Reducing Market ExposureCassandra Sweet
Con.Web, December 20, 2002
PGE Draft Resource Plan Favors Long-Term Contracts, Additional Renewables
Getting power directly from the plants that produce it and using more renewable energy are at the heart of Portland General Electric's draft integrated resource plan.
The renewables piece, however, has encountered some criticism. Industrial customers contend PGE shouldn't pay for above-market costs of new renewables beyond Oregon's public-purposes charge, while the Northwest Energy Coalition believes the investor-owned utility relies too much on natural gas-fired resources and uses inflated wind power costs.
Signing long-term contracts and tolling agreements, purchasing an equity share in one or more generation facilities and building its own power plant also are on PGE's list of possibilities for rounding up resources to serve customers.
Just as PGE wants to expand its use of long-term contracts and buy equity in one or more power plants, the utility wants to reduce its exposure to wholesale energy markets. Maintaining a "load-resource energy balance over the year" is PGE's favored strategy over "deliberately going long or short" and having to depend on the market either to buy or sell power, according to the plan.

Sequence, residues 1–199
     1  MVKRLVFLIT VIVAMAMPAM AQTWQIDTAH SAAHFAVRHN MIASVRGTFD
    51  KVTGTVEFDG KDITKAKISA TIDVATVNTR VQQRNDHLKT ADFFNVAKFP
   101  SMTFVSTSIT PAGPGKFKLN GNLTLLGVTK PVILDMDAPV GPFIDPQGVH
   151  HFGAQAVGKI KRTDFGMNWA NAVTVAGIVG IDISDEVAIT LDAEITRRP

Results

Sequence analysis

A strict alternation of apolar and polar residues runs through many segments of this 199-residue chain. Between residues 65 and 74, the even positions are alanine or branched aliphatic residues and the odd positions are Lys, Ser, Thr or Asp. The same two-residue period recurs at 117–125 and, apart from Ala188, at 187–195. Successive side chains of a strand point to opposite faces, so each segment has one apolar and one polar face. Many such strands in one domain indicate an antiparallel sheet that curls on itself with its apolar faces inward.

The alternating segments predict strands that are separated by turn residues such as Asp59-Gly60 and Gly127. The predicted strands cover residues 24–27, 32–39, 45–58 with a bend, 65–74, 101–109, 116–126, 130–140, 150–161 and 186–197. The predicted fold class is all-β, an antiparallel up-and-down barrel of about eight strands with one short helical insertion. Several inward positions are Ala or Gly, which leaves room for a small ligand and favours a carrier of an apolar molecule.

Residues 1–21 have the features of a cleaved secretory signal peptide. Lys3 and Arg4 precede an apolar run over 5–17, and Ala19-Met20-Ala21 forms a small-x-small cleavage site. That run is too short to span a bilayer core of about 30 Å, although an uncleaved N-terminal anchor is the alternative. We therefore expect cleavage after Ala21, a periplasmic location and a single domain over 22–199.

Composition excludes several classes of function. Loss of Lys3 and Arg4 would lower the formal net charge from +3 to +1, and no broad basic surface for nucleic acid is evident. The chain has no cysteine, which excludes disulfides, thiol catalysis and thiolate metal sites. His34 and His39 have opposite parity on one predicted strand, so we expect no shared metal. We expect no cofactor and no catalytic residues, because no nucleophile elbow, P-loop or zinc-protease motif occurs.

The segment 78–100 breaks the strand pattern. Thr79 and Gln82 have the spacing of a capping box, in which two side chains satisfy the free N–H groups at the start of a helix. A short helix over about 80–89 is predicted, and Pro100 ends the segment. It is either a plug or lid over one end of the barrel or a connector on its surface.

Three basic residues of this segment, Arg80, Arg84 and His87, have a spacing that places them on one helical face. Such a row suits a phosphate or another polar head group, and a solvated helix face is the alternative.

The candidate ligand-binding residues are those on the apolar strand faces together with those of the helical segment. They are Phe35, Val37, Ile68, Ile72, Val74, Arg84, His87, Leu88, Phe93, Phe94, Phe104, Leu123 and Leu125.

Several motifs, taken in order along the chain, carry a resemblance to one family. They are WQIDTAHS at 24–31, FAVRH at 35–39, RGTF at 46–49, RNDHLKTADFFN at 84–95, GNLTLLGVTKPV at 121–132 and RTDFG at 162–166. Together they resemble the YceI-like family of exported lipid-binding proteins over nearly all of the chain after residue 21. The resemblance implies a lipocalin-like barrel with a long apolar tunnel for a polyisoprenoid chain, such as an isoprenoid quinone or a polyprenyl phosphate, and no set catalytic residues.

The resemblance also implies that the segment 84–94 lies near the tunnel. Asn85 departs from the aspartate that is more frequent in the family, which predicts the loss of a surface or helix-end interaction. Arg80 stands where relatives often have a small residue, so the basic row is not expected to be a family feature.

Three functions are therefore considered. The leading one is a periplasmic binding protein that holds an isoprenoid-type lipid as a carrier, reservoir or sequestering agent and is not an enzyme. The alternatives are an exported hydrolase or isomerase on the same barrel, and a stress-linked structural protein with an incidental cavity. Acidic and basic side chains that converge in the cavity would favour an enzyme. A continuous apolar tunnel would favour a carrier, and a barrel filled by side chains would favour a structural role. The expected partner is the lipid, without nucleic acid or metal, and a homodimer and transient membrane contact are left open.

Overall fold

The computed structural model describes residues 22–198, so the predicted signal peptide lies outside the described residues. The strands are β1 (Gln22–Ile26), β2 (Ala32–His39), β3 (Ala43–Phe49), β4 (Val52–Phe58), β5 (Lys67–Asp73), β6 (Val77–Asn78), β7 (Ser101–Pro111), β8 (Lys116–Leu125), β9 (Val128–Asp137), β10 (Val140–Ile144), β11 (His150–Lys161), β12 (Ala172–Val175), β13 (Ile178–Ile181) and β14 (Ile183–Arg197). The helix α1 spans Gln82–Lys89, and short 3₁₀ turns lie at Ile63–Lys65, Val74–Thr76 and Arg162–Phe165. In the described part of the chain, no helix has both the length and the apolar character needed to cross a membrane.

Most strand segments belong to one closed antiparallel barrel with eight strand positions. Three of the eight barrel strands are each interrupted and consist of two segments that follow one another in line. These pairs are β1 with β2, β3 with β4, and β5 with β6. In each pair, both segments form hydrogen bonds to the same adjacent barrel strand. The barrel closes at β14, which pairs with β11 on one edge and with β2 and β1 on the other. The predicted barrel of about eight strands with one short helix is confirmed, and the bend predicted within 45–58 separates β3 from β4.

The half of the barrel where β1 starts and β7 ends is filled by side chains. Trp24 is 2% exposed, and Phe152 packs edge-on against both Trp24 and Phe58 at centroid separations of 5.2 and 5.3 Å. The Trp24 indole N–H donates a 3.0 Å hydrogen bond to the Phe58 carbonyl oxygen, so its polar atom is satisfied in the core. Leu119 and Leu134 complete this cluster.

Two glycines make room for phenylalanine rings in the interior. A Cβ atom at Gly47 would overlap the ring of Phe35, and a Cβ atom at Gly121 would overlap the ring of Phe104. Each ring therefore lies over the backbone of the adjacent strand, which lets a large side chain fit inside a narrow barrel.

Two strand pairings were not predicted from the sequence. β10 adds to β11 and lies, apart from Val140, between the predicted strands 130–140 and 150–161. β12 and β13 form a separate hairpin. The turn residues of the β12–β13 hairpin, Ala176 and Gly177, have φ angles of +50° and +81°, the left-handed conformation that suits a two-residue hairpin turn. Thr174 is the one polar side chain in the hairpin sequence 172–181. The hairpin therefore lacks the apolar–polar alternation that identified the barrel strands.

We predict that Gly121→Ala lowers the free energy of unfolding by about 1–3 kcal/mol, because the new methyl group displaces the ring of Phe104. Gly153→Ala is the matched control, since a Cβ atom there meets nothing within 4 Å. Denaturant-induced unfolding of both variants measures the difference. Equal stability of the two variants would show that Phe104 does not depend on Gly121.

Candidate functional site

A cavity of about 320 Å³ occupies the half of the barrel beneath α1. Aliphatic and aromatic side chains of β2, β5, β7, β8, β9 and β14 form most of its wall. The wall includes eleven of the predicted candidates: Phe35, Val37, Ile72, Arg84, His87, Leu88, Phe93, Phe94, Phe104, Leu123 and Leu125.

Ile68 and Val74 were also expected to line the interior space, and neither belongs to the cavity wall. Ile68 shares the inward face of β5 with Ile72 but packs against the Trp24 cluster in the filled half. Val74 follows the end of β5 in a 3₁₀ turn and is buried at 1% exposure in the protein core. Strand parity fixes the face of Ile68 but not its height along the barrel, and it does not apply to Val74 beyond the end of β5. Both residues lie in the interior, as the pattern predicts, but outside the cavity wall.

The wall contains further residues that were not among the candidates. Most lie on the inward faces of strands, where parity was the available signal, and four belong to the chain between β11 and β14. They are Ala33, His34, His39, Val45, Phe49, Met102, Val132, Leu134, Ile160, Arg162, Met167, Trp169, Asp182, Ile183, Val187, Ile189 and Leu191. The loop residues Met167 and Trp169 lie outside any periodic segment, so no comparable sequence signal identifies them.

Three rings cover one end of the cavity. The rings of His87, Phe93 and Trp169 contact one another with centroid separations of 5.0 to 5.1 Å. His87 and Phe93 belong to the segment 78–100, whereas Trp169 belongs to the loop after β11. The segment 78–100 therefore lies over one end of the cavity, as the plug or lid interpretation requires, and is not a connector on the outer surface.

PGE's preference for longer-term resource supply arrangements came partly from customers, who said they favored stable prices and planned energy supplies, said Mike Mikolaitis, PGE's general manager of power supply engineering and strategy. "Price management, with regard to price volatility and the significant change from year to year, was a big problem" for customers, he said, particularly those who use between 30 kilowatts and 1 megawatt. "We tried to factor that into our planning."
The result is a draft plan that focuses on owning or contracting for resources that "have an honest-to-goodness plant behind them, through a purchase or tolling agreement," Mikolaitis said. PGE wants to get away from buying power from brokers, traders or short-term marketers, he said, and therefore it plans to move "to a longer-term commitment with the ability to lock in the price."
Despite a recent economy-related slowdown in customer energy use, PGE expects its loads to grow an average of about 2 percent a year through 2051. In this light, following through with development of the company's planned 650-MW Port Westward gas-fired plant in Oregon makes sense, according to the plan. "We haven't made a commitment yet to build the project," Mikolaitis cautioned. "We'll have to compare Port Westward to all the other potential alternatives."
A Renewables Target
Although a number of variables remain undecided in PGE's resource plan, the utility has set its sights on two targets: acquiring 40 average megawatts of renewable energy by 2010, and realizing 25 aMW from efficiency upgrades at its existing power plants.
Adding more renewables means lower costs from transporting natural gas and fewer headaches from environmental concerns about burning fossil fuels, the company said in its plan.